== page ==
Montgomery County Executive Sidney Kramer and Democratic challenger Neal Potter sparred last night over development, taxes and who is best equipped to lead the county during a polite but pointed debate.
Pitted against each other in an increasingly competitive Sept. 11 Democratic primary, Kramer and Potter, a 20-year veteran of the County Council, used their first and only televised debate to sound themes standard to their campaigns.
Kramer depicted the county as a great place to live and work, claiming credit for sound and sensible management of its money and services. He warned, though, that Montgomery faces an uncertain future because of an economic slowdown and questioned Potter's ability to handle the executive's job.
"We can't afford the luxury of someone learning on the job," said Kramer.
Potter countered that he sees the job of the county executive as providing leadership and not simply administering departments. He said he got into the race because of the issues of overdevelopment, excessive taxes and bossism in government and added, "I am well equipped to deal with the issues."
Potter said Kramer's administration is fostering and promoting development when it should be slowed down. Kramer said the growth in the county is the result of policies put in place by county councils Potter served on.
Kramer appeared the more comfortable as he stood in front of the cameras in the Rockville studios of Montgomery Community Television, which held the debate in conjunction with the League of Women Voters. He repeatedly turned to Potter, trying to put him on the spot with questions about things such as Potter's support for a parking tax and his opposition to the Office of Economic Development.
Potter was apparently unruffled by Kramer's comments, explaining the intricacies of his positions. And he unleashed some attacks of his own, criticizing the dominance of developer contributions in Kramer's campaign and suggesting that Kramer's extensive real estate holdings pose a conflict of interest for the executive.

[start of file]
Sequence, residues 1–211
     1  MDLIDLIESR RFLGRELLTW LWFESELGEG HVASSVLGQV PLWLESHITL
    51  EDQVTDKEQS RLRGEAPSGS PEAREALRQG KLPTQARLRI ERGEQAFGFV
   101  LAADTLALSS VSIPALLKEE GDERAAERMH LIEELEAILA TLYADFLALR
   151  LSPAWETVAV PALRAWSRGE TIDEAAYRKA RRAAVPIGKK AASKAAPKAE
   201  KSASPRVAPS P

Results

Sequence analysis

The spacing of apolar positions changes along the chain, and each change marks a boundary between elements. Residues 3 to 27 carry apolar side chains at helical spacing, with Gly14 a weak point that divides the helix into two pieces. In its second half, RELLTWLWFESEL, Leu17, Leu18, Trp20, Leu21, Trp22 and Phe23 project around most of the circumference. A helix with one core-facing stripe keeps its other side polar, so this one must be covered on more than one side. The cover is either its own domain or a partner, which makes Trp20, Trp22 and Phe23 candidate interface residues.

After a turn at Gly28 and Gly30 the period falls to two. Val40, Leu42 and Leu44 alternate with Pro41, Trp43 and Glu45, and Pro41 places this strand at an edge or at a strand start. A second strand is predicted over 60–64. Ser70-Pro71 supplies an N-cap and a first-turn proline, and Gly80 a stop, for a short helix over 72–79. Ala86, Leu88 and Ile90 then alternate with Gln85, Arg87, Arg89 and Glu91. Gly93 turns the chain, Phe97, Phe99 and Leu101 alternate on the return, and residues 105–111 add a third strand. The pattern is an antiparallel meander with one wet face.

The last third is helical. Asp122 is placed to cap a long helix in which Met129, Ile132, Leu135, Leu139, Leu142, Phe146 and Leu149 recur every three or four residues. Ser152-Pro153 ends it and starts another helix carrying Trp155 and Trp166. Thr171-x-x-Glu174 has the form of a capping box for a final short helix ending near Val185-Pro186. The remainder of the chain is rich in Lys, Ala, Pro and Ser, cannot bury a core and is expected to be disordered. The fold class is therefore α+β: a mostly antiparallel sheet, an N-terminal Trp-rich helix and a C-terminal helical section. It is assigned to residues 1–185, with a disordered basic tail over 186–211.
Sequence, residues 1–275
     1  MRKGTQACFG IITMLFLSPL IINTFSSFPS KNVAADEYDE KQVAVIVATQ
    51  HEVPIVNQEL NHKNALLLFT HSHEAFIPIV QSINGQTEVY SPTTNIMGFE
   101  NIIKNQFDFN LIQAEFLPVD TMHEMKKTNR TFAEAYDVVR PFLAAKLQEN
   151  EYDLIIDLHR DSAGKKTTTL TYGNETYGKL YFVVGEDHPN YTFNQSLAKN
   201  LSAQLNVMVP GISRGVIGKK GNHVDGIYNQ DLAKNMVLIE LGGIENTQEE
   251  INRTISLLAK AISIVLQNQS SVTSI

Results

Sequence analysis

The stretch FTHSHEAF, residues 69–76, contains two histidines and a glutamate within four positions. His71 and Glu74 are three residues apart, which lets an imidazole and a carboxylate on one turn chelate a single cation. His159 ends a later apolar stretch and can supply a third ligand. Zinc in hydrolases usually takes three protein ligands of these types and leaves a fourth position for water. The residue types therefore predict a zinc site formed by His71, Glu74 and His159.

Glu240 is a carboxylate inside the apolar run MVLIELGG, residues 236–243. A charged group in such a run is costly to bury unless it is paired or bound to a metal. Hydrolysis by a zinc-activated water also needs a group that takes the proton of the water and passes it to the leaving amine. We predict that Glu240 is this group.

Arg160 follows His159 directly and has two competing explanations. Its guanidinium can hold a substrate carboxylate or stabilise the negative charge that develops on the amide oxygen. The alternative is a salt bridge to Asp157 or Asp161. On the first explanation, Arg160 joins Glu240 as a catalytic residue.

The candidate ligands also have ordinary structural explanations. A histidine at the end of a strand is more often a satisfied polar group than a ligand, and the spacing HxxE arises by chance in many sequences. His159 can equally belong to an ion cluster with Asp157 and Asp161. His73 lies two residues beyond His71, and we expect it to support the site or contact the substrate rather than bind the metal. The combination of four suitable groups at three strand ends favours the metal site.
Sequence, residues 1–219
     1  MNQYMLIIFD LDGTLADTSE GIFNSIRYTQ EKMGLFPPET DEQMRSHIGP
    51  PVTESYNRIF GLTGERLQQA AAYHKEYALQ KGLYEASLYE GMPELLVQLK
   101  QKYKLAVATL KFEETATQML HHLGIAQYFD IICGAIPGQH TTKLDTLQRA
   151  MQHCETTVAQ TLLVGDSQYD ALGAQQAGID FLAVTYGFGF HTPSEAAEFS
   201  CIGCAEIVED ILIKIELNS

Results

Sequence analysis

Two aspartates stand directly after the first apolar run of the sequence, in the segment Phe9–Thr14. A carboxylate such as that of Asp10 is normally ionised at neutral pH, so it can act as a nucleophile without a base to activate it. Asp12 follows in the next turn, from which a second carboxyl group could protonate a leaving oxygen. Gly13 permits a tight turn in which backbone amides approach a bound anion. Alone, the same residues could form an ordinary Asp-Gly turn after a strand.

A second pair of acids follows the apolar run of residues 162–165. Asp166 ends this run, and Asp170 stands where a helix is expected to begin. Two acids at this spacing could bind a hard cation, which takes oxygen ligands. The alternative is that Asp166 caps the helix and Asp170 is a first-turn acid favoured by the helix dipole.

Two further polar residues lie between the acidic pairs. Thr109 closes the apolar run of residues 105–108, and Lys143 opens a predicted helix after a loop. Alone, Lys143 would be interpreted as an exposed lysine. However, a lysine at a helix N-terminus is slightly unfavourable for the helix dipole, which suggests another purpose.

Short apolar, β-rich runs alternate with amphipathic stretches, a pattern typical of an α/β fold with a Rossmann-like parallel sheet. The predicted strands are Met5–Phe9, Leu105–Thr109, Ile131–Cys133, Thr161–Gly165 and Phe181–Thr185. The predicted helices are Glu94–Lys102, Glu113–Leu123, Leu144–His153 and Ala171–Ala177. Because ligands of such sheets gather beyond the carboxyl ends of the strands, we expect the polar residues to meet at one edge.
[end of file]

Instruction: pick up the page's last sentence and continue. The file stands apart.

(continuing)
Potter noted that the executive makes recommendations on road improvements and improvement of services, decisions that could affect the value of property he owns.
Kramer, a millionaire, dismissed his developer contributions as a non-issue, saying that developers and business leaders give to his campaign because they think he is best suited for the job. He said his campaign carefully complies with all disclosure laws and that no one who ever contributed to him asked for or received any special favors.
Kramer said he has been "very scrupulous, very careful, very cautious" with his real estate holdings to ensure there have been no conflicts, and he challenged Potter to show him where there has been a problem.
Potter and Kramer, who were colleagues on the County Council at the start of their political careers two decades ago, seemingly went out of their way to be polite and pleasant to each other. Kramer praised Potter as a good council member. They called each other by first name and they shook hands.
This contrasted with their last encounter at the cable station's studios earlier this month, during which they got into a heated exchange as they waited for the taping of a news program to begin.
The debate will be rebroadcast on Montgomery Cable Channel 21 at 10:30 p.m. Wednesday, 7 p.m. Sunday and 9 p.m. Sept. 9.